- Slick, purist techno to send you down the rabbit hole.
- I'd happily wait another five years for a solo EP from James Ruskin if it were as good as this one. The record begins with a masterful cut that simultaneously appears simple and complex. Synth layers rise and fall in interlocking patterns. The tension is undeniable but never quite erupts. During an extended breakdown, Ruskin teases and tweaks the arrangement until a subtle drop is eventually revealed. With a full one minute and 40 seconds to go, he allows the drums to fade as a synth line continues to churn in position.
The other two tracks are almost as good. "We Are Everywhere" works with similar ideas but expresses them much more forcefully. "Disaffection," meanwhile, immediately sounds like a troublemaker, its daring lead synth reaching "Flat Beat" levels of squelchiness. Aside from a burst of activity in the early 2000s, Ruskin has always released music—whether it's solo, with artists like Mark Broom, or in collaboration with Regis as O/V/R—at a slow and steady clip. Maybe there's something to be said for this? It's more than 20 years since Ruskin got started with this thing, and there's still a sense of occasion and a feeling of vitality with most of his releases.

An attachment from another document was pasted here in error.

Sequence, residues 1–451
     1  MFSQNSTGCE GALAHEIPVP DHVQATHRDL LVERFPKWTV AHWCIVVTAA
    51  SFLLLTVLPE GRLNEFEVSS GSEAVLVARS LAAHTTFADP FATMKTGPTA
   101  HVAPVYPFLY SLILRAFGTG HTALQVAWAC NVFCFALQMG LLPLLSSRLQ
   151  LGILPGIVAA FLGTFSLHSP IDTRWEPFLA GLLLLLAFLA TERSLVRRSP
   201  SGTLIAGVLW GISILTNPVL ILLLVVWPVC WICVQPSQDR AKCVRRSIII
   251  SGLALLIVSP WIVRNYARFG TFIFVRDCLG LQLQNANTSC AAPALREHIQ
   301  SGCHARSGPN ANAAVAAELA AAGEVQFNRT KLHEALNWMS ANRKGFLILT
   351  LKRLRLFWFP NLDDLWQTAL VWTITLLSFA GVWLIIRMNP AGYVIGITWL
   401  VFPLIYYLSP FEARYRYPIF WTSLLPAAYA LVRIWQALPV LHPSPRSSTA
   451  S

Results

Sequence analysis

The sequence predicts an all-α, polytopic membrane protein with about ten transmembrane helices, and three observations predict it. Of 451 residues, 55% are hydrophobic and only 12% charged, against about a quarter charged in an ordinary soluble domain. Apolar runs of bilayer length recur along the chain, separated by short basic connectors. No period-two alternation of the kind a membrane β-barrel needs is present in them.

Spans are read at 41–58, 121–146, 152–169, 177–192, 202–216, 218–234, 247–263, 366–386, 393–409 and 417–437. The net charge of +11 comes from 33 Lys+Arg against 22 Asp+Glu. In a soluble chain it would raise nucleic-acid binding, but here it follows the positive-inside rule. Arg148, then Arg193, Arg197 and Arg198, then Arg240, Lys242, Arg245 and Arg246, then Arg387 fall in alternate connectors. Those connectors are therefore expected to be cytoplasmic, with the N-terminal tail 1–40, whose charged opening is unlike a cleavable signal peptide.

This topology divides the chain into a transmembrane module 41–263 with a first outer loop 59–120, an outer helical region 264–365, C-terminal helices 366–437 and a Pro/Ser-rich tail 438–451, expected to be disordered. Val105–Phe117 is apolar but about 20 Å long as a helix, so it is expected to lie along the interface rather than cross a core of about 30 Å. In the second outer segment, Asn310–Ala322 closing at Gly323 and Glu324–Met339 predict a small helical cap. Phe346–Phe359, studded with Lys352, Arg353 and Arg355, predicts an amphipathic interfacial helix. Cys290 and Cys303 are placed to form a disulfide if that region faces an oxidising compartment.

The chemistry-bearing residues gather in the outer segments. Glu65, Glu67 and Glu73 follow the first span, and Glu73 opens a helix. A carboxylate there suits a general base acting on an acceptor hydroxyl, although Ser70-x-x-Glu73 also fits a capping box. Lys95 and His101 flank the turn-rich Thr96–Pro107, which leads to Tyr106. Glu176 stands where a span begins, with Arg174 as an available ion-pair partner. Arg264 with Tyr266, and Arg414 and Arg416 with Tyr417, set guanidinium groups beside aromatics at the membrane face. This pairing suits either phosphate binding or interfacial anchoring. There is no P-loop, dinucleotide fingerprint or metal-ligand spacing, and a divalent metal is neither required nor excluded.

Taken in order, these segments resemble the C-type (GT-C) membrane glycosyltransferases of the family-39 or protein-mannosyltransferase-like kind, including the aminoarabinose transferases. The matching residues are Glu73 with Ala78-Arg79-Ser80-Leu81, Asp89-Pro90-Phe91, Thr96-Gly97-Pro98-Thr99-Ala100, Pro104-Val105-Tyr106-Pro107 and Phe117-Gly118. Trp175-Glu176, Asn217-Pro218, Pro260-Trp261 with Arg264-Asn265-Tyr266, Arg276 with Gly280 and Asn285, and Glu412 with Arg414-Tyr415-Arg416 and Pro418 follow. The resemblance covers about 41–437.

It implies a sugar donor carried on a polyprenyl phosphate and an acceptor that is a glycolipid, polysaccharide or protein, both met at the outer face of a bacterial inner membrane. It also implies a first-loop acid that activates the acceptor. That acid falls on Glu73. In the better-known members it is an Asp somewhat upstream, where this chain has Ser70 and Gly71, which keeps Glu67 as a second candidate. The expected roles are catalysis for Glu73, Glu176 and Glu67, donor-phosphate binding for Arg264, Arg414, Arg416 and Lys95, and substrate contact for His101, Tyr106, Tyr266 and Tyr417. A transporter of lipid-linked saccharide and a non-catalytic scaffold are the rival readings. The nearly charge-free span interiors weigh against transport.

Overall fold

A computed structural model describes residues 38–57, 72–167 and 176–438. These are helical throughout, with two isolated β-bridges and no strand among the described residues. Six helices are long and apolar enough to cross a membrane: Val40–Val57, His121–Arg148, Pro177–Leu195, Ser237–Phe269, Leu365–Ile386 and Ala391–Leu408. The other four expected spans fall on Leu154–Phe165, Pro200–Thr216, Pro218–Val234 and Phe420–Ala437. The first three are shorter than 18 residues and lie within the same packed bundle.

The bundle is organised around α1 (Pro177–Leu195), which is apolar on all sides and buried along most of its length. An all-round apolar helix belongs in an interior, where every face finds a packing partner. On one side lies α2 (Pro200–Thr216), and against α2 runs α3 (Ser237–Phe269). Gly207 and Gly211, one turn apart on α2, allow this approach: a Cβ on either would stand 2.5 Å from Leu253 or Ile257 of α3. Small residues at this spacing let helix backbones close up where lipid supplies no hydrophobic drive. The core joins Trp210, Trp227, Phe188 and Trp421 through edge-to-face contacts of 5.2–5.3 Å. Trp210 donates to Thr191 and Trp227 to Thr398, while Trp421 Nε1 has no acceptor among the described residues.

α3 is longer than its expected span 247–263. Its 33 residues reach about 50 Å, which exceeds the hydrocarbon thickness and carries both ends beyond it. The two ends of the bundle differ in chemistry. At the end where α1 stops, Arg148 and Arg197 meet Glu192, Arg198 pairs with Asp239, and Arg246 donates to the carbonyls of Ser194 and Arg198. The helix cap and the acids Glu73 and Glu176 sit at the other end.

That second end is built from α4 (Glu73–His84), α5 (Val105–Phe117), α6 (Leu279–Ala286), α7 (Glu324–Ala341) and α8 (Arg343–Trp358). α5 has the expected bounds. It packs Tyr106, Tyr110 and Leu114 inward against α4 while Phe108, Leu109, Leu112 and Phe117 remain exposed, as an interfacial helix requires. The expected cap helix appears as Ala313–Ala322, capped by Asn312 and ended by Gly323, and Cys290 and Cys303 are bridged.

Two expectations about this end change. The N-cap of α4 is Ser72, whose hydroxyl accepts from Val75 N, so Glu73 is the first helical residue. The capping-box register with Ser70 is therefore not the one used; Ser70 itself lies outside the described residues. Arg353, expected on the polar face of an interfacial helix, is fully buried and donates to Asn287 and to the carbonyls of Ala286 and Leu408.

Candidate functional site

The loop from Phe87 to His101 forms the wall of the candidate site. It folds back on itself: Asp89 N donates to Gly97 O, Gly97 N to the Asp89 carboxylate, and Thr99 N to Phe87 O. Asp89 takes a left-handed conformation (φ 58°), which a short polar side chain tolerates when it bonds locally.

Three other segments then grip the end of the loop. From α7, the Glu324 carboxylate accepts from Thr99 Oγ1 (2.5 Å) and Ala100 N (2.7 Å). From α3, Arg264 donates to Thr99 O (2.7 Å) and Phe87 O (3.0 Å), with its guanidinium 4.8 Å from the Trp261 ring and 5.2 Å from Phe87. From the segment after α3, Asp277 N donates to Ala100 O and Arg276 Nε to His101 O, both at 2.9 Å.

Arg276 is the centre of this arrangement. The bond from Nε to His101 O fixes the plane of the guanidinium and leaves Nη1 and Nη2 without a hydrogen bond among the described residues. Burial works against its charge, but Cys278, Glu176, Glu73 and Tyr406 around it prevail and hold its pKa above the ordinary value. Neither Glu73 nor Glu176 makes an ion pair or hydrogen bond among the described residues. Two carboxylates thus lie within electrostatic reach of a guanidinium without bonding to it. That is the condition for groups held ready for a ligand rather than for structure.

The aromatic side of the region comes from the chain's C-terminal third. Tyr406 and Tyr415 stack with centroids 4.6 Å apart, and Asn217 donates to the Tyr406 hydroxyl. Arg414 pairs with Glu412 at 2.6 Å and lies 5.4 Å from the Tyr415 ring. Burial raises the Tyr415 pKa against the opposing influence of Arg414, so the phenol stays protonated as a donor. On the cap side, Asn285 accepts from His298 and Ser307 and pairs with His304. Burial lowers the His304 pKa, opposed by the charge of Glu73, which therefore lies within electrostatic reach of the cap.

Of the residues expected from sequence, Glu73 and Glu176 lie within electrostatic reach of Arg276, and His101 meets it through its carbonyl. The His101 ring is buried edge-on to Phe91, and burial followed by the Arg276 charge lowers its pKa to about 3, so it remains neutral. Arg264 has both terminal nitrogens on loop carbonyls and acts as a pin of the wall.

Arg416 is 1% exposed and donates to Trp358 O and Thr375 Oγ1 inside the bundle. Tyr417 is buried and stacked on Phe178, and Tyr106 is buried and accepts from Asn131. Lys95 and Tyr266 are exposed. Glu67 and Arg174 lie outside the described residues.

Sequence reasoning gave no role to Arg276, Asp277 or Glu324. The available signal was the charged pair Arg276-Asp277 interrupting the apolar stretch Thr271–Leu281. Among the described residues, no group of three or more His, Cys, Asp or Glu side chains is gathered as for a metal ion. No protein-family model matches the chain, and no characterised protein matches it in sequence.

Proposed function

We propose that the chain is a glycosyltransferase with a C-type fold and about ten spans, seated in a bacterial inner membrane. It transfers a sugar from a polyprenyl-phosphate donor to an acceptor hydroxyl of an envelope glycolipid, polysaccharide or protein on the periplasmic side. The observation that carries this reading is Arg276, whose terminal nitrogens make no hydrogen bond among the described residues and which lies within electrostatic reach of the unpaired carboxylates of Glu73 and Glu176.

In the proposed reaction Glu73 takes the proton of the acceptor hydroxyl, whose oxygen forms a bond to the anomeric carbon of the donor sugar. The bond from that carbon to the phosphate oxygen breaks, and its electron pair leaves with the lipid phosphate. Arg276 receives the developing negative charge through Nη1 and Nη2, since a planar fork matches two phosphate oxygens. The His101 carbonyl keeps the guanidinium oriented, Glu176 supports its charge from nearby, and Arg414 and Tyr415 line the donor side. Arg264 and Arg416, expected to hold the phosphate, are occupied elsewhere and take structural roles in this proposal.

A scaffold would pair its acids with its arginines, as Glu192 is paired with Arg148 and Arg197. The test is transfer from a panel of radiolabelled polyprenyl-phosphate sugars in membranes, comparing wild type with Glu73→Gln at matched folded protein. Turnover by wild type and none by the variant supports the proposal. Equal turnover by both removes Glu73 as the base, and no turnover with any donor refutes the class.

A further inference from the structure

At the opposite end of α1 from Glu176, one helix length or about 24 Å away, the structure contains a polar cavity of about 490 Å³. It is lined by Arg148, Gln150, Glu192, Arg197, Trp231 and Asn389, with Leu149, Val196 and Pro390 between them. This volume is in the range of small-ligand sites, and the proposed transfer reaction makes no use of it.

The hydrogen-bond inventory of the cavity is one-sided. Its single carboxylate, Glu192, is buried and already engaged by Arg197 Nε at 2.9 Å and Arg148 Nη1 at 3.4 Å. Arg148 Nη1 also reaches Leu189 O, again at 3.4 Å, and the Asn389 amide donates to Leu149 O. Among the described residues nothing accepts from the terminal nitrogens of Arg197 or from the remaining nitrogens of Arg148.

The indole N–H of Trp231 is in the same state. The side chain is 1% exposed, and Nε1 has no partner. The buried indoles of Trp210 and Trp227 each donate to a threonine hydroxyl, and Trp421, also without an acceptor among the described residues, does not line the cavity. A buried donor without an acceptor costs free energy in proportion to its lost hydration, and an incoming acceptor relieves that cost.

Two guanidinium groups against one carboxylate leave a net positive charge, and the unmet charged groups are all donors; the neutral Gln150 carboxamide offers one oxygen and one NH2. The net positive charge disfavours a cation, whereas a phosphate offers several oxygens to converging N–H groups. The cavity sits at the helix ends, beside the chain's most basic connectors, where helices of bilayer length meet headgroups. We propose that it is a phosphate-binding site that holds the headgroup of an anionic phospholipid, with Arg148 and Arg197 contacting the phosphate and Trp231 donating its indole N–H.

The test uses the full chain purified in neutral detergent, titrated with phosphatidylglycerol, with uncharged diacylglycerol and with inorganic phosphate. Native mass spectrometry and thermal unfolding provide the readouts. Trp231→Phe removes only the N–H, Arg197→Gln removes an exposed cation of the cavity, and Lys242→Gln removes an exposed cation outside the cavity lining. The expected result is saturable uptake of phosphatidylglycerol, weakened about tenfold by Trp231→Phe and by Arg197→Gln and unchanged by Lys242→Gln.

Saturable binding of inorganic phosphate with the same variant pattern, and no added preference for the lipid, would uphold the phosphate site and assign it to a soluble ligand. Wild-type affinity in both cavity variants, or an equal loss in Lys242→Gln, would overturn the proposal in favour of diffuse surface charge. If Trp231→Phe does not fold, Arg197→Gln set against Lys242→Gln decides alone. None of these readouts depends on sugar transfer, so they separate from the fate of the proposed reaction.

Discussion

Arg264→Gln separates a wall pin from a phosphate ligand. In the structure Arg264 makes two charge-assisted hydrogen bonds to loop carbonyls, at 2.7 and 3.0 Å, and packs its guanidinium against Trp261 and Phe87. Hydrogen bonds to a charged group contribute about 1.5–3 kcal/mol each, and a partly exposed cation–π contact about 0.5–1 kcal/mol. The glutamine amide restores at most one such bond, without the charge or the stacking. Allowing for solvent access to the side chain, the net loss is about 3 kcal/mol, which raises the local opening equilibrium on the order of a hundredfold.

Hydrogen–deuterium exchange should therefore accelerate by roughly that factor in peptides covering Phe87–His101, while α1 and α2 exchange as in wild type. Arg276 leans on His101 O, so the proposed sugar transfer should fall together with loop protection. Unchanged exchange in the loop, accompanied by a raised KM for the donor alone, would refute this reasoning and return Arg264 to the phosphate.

A1 Reality Broadcast Off
B1 We Are Everywhere